I lost everything I typed Ms Pat, let me see if I can answer all your questions…
Yes, I ruptured 11/2013 with a Fisher level 3 bleed (>1mm blood in subarachnoid space), vasospasm 26 days, 28 days Neuro ICU. Second aneurysm also coiled 6/2014, no complications, over night stay. One of the CCU doctors suggested I had interacted too much with the Filipina RNs, thus my accent during the overnight stay.
I don’t think any was in the basic brain info that was posted, but I may be wrong.
Upon intial awareness, I was stuttering and would lose my words (aphasia). Can’t say I was worried about either, just would get frustrated. Am not knowledgeable enough to say if some of the stuttering wasn’t due to the aphasia. I seem to stutter even now when my brain doesn’t come up with the word, and if I am tired or overstimulated. I couldn’t remember what some words meant, I would use words in the wrong context.
I did decide to put myself in Speech therapy. I contacted my triage nurse, Jennifer, who spoke to Dr. Quintero-Wolfe who wrote the prescription. I took this to the Outpatient Rehab at CVMC, my local hospital. I worked on speech, cooking, and counting with SLP Stacey. I believe we worked for a couple months together. It wasn’t easy. I was exhausted and would get headaches more severe than when I went in. She made it fun and was always encouraging, always able to find a positive in my work which I really appreciated. Sometimes, she would note that I may not have been forthright with my headache level and we would have to end the session early. They usually ran about 45-50 minutes. It was the first time someone mentioned aphasia that I can remember.
Each time I would have an angiogram, the anesthesia would set me back. Dr. Q-W explained it would take awhile for the anesthesia to wear off and its effects on my brain. It seemed every time I was getting back to where I was it was time for another angiogram. I haven’t had one in several months as the last one showed the open neck had been resolved by the blood flow rerouting. Since then I haven’t had set backs. But speech and words get lost with stress and exhaustion. It still means I have a baseline to start from.
I found out about Wake Forest Voice through Stacey. She suggested I contact them as she cannot give a diagnosis. Stacey would ask about it or I would let her know my status as I had to get her records to Wake Forest Baptist Health. Eventually everything was worked out and Dr. Q-W’s PA got the order to Wake Forest Voice. I think it took me a couple months to get in.
I met SLP Amy who spoke with me and my partner, had me say things in a microphone that recorded my voice. It shows up as waves on the computer screen. She worked with me on softening some sounds as I say really hard sounds often followed by an a sound ( Ima going as opposed to I am going). I think she said something about teaching me to speak lazily - drawing sounds together instead of saying them crisply and with the a or ah sound.
I realized I had to do something after this last year. Some people find it very difficult to understand me, I don’t know if they’re not listening or get fixated on a sound that they can’t identify. It was very hard for me to communicate with all the medical professionals I dealt with for my parents and then having my father’s death with all that entails. Most people have a harder time understanding me over the phone and my mother had decided I was going to do it all. From contacting family, friends, making funeral arrangements, and all the business that has to be done. Then she threw away all my copious notes…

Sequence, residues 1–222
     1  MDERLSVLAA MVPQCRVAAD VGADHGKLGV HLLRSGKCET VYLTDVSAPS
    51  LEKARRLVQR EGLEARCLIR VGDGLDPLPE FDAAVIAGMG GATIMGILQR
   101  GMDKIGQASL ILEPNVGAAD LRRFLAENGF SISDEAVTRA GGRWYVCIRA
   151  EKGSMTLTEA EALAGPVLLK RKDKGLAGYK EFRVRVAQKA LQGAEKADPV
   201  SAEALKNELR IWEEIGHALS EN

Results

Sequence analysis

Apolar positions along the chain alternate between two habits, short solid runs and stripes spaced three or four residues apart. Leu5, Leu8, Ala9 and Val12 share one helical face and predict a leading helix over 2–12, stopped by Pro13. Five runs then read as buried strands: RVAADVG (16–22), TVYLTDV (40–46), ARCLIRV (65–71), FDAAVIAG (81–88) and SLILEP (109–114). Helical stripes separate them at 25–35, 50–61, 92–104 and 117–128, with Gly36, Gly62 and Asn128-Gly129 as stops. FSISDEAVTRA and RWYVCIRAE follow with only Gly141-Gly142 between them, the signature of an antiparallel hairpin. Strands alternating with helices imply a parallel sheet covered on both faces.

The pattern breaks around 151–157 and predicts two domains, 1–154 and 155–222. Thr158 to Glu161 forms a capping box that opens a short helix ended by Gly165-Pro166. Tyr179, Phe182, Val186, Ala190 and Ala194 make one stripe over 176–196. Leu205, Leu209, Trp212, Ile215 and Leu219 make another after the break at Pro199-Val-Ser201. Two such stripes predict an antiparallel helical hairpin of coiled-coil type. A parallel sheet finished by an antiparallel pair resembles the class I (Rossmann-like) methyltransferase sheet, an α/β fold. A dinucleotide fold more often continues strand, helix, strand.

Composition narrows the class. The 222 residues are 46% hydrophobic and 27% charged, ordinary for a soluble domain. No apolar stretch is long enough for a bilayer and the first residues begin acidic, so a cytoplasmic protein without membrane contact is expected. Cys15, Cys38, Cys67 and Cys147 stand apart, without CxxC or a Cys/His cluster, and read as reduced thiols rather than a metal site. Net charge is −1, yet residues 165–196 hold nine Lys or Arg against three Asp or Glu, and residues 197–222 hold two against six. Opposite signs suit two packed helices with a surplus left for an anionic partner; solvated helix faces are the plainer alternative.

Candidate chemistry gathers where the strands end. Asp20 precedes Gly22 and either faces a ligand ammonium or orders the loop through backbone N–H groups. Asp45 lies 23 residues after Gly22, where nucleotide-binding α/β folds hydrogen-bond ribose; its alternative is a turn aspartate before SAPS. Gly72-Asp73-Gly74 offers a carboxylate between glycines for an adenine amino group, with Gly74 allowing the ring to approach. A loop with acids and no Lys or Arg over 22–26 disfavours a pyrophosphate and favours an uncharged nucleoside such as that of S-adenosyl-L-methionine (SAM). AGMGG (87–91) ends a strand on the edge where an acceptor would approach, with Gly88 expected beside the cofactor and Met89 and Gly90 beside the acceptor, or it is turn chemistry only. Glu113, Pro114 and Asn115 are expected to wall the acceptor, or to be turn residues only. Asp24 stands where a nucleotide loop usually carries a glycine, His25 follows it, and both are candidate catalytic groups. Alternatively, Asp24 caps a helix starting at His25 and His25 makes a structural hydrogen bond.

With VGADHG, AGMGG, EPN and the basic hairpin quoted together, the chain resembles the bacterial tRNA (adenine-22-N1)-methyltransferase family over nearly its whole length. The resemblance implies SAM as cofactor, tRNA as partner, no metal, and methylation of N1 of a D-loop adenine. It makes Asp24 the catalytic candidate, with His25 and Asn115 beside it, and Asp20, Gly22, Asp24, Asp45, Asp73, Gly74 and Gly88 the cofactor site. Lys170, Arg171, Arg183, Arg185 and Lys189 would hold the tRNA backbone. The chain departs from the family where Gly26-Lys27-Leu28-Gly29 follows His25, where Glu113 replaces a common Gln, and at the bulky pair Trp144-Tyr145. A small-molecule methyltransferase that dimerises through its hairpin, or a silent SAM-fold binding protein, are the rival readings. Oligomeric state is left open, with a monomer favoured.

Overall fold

I think the final straw was getting cussed out by someone when I was out with my partner. I had had a really bad day and the guy said things out of ignorance, I was exhausted and had let my guard down. It ended up with me not being able to communicate well. This led me to go back to see my Neuropsychologist who told me I was telling people I had a SAH for the shock value and I thought I was just explaining. I’m not sure he understands completely how hard it is for me. He says he understands me fine, my diction is far better than his. But we live in a relatively small rural Southern county - about 150-160,000. People speak differently in each of the counties in the area. I don’t speak like any of them;). It was this that drove me to talk to Stacey in the waiting room one day.
I think if I lived in a bigger city, or back in California, this may not be such an issue. But it just might be. Since I started hearing my thoughts, I sound like I did before I ruptured.
But I think SLP Amy will help with or have the aphasia lady help me with my aphasia. I recall one of the members had issues with aphasia. He was an attorney. I couldn’t find his post, it was from several months ago. When a person makes their living with words, it is very hard to learn to live without them. I’ve found ways to get around it, but not at a level I could work. Most people try to give me the word which just makes me forget my line of thinking. It doesn’t help at all! Unless of course I ask the. I have given my brain time to stop. If it’s the wrong word that’s supplied, it’s worse, my brain becomes an u solved Rubix cube.
And of course Ms Pat, you are correct. We must advocate for ourselves. I like the other member can type much better then I can speak. I still lose words when I type and I have noticed that my thoughts aren’t flowing like they used to. I will skip several paragraphs and write a paragraph on something that should be placed elsewhere. But this is how my brain works now and I usually see the errors long after it’s been posted.